Hawaii Strong: Through kapa making, this Waimanalo family crafts unique pandemic response

Published: Jul. 9, 2021 at 5:25 PM HST|Updated: Jul. 10, 2021 at 9:01 AM HST
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HONOLULU (HawaiiNewsNow) - Every piece of kapa created at Pukoa Studios is the result of an ancient and treasured process.

It’s a lifestyle for Page Chang and her family, who at their home and living workshop in Waimanalo.

Together, they’re immersed in every aspect of the craft from homemade implements to wauke trees and natural dye materials grown in their backyard.

Each step of the kapa making process requires time and patience.

“There’s rhythm,” Chang said. “There’s repetition. It’s like as you go through every step, you get these little surprises. These little gifts that happen every time you finish making something.”

Chang, who’s only one of a few kapa practitioners in the state, started Pukoa about five years ago and she’s designed everything from large art pieces to wearable fashion, including jewelry, belts, and accessories ― all displayed at a downtown studio.

Pre-pandemic, the business had one of its busiest years. And then came the shutdowns.

“Every single festival was canceled,” Chang said. “Every retail store was closed. My studio downtown, they literally locked the building, so we couldn’t even get in. They gave us one day to go in and grab things. Shut down, everything pau.”

Despite the damage to the business, the community service had to go on ― such as lessons for about 100 students at five schools.

“I decided that we need to make sure these kids have access to kapa, so I started working on the computer and built a full kapa educational program online,” Chang said. “So basically an interactive slideshow and presented that to all of my classes.’

And with husband Geoff’s help, students got their own sets of tools and material.

Turning back to the business, it was time for Pukoa to go online, so Chang enlisted the help of her two daughters.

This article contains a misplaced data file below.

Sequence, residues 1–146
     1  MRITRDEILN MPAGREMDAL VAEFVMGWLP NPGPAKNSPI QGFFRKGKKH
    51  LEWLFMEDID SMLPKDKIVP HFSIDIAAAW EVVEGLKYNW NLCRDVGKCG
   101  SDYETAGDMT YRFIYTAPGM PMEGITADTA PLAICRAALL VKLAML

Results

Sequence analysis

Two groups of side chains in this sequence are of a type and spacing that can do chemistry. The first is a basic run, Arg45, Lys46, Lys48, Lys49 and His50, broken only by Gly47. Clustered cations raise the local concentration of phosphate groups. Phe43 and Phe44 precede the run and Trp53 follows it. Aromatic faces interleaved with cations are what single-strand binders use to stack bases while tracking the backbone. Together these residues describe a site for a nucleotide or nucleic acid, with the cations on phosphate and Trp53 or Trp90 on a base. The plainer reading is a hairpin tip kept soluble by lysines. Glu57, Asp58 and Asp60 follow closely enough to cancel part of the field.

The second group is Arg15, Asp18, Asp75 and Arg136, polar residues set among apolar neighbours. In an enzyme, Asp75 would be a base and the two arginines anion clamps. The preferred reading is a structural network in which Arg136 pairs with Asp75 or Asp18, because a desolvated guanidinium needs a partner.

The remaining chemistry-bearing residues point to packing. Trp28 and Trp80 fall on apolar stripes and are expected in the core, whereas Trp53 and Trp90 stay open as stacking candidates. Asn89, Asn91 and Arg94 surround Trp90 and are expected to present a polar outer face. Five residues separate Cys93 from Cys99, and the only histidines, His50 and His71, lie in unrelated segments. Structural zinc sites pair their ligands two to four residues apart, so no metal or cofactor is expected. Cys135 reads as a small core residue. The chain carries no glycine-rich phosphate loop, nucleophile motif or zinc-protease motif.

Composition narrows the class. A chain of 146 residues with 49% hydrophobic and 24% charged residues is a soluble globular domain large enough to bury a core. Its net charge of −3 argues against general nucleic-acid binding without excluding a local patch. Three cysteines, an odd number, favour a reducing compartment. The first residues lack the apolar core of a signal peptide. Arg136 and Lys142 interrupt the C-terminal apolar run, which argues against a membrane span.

Perry Chang, who lives in San Diego, designed the website.

“It’s been a steep learning curve because I’m not a professional in any way,” Perry said. “This is all stuff that I learned from media classes in high school and videos and tutorials and all things like that.”

And Jasmine Chang handled the photo shoots and social media presence.

“The company was always more of an older generation of people that were kind of always interested and I feel like this website really helped us target younger people and give them access to look at our stuff,” Jasmine said.

And suddenly, kapa had a whole new clientele.

“The website not only brought the kapa to everyone, but at Christmas we did very well,” Page said. “First time I ever had to fulfill stuff and put it in boxes like ‘oh my gosh, this is a whole new thing,’ but people started buying the art pieces of kapa and paintings too. People that I never had really reached otherwise.”

With the online shop now populated and the downtown studio reopened, Chang is once again teaching in person and among her chief lessons, kapa is more than just a craft, it can be an industry and a way of sustainability.

As it sustained the Chang family, as well as, Pukoa Studios.

“It’s a big part of our lives and it was really cool to see my daughters step in too,” Geoff said. “Everybody came together and helped out and pushed through, no one ever quit.”

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